It was just one of those occasional trips to the office. Brad Graeber, co-founder and CEO of Austin-based Powerhouse Animation, was throwing things off when he walked into what is normally a quietly bubbling studio. “The monitors are on and the mouse is moving around the screen, but the rest looks like Chernobyl. It’s the same way we left it.”
But after 16 months of teleworking, the office will soon return to regular activity. Graeber and the rest of the management team recently conducted a staff survey and found that 75% of employees were interested in coming back three days a week or more. Graeber said, “They miss camaraderie, they miss the culture, they miss the creative osmosis.”
The workflow, he said, âhas changed dramatically. We’ve done a lot more in the cloud and had to focus on security, but communication has changed a lot. lots of file uploads. “A year ago, no one knew if this was all manageable,” but we did, “Graeber said.
Not only did they do it, but 2020 was actually the studio’s most successful year to date. Powerhouse has become, well, a true powerhouse because of its relationship with Netflix, solidified by a new first-look deal between the two. Season four of the hit video game adaptation of the streamer Castlevania came out this year. It broke with misconceptions about multi-season shows by genuinely gaining momentum and viewers throughout its run – so much so that Netflix announced a spin-off, which takes place during the French Revolution. While Powerhouse is developing this, they are also working on Season 2 of the Greek Mythological Tale. Blood of Zeus, and the team will also take care of the new Kong spin off, Skull Island. The number of projects on the slate signifies a new wave of hiring, with 40 to 50 additional employees expected by the end of the year.
However, the biggest project to date is He-Man and the Masters of the Universe: Revelation, the revamp of the 1980s animated series written by longtime studio friend Kevin Smith. Graeber admitted that he thought the Castlevania the fan base was dedicated, but He-man sits on 40 years of dedicated collectors and childhood memories. “Just the number of Facebook groups that are fair He-man groups, âGraeber said. All of this is amplified by the sheer number of Smith fans. âHis social media presence is just huge. He hardly mentions anything and it explodes. “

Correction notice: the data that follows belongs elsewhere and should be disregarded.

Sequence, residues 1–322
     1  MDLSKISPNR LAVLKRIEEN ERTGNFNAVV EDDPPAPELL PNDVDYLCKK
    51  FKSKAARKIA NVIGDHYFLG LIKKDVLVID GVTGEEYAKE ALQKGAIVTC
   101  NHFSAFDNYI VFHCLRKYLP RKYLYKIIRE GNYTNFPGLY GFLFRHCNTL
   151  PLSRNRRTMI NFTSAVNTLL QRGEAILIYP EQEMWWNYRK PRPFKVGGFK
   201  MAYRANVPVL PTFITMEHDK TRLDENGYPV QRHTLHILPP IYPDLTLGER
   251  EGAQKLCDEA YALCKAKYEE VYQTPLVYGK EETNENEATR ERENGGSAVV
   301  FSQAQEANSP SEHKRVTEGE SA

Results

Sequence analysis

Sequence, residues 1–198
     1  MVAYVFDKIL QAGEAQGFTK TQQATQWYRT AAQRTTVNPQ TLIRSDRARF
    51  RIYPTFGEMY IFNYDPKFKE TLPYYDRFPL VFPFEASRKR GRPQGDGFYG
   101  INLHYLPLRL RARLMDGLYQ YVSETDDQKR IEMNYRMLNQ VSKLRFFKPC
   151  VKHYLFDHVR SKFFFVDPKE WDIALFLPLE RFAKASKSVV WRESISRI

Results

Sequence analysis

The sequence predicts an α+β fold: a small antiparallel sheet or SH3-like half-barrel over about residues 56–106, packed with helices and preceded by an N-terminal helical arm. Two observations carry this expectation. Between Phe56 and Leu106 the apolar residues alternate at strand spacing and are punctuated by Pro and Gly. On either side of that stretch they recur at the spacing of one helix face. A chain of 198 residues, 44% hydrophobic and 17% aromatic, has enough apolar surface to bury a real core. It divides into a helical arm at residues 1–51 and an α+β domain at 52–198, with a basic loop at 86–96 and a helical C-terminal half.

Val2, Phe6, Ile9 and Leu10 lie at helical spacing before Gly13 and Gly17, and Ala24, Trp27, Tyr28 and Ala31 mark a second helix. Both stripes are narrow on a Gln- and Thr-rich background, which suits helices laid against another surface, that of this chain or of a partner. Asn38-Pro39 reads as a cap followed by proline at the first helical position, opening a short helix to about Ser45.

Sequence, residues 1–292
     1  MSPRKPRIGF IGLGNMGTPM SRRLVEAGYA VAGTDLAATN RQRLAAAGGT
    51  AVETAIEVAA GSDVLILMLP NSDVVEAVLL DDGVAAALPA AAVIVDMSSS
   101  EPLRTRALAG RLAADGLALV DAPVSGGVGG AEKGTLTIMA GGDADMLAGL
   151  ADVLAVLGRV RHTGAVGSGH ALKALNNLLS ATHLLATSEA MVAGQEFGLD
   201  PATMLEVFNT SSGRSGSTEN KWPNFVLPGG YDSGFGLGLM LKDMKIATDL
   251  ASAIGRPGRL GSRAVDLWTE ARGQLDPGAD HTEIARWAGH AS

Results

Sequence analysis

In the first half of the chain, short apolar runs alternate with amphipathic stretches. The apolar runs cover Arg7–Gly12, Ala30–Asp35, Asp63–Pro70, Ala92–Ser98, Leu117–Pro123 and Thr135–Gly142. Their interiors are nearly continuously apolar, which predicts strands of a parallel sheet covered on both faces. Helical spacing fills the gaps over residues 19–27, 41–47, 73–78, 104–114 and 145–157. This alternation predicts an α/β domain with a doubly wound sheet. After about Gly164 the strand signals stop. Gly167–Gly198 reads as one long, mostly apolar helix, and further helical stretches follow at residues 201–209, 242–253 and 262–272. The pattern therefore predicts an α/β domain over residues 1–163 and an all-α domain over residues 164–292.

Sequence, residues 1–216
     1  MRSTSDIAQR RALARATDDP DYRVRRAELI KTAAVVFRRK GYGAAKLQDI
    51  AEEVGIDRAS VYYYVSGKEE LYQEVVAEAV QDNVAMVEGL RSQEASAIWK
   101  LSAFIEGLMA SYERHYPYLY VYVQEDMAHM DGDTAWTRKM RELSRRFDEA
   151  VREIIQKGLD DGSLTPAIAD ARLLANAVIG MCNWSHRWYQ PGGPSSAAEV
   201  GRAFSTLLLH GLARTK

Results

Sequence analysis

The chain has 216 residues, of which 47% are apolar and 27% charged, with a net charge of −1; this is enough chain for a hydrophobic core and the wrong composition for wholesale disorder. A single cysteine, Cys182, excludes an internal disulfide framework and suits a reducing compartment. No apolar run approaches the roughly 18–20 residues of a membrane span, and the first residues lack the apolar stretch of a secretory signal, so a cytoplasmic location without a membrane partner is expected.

Graeber has previously told the team to prepare for a massive response, but there’s also the more immediate challenge of stepping away from work at home. However, he said he was keenly aware that it couldn’t be just getting everyone back to their desks, and it will be a gradual process over months. âWe are about to have a social experience back in the office,â he said. “We’re going to have to get used to the presence and distractions of people.” In addition, there are lessons to be learned. Not everyone wants to come back full time, and they have proven they can do the job remotely. Additionally, working remotely has allowed them to hire artists outside of Austin, opening up a new pool of talent. Graeber recouped the time spent on the road traveling to pitch meetings, replaced by online meetings. This allowed him to be more involved in projects in his role as a producer. Yet the hybrid approach means designing a whole new production pipeline. “Trying to understand the communication will be the biggest obstacle.”– RW
Read our original 2020 interview with Brad Graeber here.
A version of this article appeared in print on July 9, 2021 with the title: Brad Graeber, Powerhouse Animation